Distributed task solving for human non-player game characters

Burdon, Dariusz (2008) Distributed task solving for human non-player game characters. (MSc(R) thesis), Kingston University.

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The aim of the project presented here is to develop a conceptual architecture for task solving in non-player, human game characters. The objectives are: to develop task solving algorithm for constructing sequences of purposeful human actions based on distributed finite state machines, - to investigate synthetic non-player characters structure for generating human-like behaviour and appearance based on multi-layered agents architecture, - to investigate virtual environment structure for enabling interaction between synthetic actor and objects based on finite state machines, - to develop a method for enhancing the process of matching the accurate motion with such features of a character as size, age, gender and emotions. An original architecture of Distributed Finite-State Machines, proposed as the primary contribution of this project, controls behaviour of characters and objects in a multi-dimensional state space that represents the game 3D virtual world. Decomposition of a multi-dimensional finite state machine is proposed so that each character and object is controlled by a much simpler automaton. Still, complex mutual relationship between objects and their states are preserved in this approach. Control and intelligence is therefore in the 3D world distributed, and objects, not only characters, are smart. On top of the proposed architecture an effective task solving algorithm has been developed. It considers principles of making virtual character believable and its performance human-like. Techniques of problem solving and task planning are considered as a core of avatars purposeful behaviour. To achieve naturally-looking motion, motion capture technology is considered. Research investigates various types of virtual environments and agent architectures that can be applied to control a synthetic embodied agent. The proposed solution is built around a number of components, objects and characters being the most important. The discrete and deterministic 3D environment contains both objects and characters and is built of one or more 3D scenes among which characters can relocate. Several categories of objects are introduced (containers, boundary objects and functional objects). Presented layered character architecture consists of two independent layers. The first layer combines information regarding the style of characters motions. Second layer contains information relevant for the task solving process. Most components contain a fini state machine that utilises a number of states and actions. All objects can be eventually considered as one multidimensional finite-state machine. The task solving process uses these FSMs distributed among objects to generate a path leading form the initial state to the fmal (goal) state. Each task requires a set of initial conditions to be met. It results in a number of changes of objects states. Dijkstra's algorithm is applied to find the shortest transition sequence, The task solving process decides upon the order of fulfilling initial conditions by eliminating those that does not lead to achieving the goal and by investigating complexity at every state change. The task solving process generates a sequence of actions for the character to perform. At the end of the report six simulations of character's behaviour are presented, in which various goals are achieved in various environments.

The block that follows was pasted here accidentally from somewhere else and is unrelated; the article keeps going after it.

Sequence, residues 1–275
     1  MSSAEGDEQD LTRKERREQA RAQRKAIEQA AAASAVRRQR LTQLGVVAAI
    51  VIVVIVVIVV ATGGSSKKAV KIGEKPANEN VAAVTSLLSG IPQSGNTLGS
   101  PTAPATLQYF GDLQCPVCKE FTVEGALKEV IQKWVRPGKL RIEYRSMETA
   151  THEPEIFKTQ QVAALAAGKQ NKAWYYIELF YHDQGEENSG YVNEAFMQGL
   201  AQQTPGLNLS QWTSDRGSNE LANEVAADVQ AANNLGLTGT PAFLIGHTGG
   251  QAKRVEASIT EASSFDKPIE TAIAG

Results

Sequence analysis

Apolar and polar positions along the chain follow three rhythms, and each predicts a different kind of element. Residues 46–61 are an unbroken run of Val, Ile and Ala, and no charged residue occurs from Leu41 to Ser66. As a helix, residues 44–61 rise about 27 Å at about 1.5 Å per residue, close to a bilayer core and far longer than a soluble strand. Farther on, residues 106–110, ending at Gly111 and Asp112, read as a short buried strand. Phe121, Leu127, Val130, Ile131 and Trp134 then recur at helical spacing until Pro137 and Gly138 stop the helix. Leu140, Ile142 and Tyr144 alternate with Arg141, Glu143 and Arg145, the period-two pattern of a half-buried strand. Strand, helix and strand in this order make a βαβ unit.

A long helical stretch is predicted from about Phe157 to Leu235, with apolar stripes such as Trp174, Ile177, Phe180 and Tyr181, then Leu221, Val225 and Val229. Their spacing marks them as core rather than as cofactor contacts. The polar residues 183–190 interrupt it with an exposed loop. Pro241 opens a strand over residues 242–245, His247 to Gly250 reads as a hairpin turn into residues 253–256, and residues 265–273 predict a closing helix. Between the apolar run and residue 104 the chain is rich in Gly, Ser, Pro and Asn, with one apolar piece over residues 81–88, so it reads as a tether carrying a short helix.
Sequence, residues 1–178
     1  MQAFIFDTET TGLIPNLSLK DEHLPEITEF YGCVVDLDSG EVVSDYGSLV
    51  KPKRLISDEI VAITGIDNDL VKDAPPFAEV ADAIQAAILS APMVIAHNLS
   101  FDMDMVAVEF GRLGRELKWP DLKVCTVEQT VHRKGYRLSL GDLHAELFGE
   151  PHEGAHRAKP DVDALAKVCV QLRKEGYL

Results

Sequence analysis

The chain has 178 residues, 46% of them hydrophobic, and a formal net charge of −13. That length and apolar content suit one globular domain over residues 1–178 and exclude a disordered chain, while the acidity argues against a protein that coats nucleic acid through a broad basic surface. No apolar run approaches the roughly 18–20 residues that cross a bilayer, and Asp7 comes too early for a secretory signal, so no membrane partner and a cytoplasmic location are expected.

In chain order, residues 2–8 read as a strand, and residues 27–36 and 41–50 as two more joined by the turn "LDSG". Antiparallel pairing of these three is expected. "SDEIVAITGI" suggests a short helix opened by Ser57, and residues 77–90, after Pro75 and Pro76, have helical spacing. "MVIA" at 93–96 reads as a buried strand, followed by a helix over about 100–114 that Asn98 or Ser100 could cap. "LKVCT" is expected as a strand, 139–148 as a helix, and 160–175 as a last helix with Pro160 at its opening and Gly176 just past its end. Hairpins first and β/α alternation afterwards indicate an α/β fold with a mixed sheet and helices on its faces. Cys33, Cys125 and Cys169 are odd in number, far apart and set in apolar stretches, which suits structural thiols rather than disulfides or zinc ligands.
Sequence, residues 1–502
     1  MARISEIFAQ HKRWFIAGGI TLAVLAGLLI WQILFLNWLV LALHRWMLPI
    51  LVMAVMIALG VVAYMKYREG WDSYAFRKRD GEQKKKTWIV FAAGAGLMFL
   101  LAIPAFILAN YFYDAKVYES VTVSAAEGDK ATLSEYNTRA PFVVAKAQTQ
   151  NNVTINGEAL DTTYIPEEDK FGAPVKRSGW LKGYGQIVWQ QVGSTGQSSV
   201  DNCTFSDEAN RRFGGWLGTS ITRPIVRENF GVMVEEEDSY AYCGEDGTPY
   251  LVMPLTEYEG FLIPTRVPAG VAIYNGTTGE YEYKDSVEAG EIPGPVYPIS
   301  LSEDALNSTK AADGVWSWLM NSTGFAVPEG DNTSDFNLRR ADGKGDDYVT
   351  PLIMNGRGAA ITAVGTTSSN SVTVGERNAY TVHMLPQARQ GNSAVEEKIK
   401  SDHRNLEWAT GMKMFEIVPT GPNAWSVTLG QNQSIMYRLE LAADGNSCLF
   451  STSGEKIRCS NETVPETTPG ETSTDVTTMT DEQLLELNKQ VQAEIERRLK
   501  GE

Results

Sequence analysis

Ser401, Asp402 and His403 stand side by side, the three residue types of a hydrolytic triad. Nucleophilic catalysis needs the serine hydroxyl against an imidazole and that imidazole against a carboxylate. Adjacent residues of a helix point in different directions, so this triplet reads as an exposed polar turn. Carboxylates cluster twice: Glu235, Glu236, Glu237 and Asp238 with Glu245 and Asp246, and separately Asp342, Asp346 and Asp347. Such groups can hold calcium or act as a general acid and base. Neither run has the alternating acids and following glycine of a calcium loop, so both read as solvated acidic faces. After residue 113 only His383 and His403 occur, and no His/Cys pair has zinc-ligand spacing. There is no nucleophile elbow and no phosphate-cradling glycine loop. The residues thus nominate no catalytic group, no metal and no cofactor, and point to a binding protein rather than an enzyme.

Item Type: Thesis (MSc(R))
Physical Location: This item is held in stock at Kingston University Library.
Research Area: Computer science and informatics
Faculty, School or Research Centre: Faculty of Computing, Information Systems and Mathematics (until 2011) > Digital Imaging Research Centre (DIRC)
Depositing User: Katrina Clifford
Date Deposited: 17 Apr 2012 15:25
Last Modified: 13 Aug 2013 09:16
URI: http://eprints.kingston.ac.uk/id/eprint/21546

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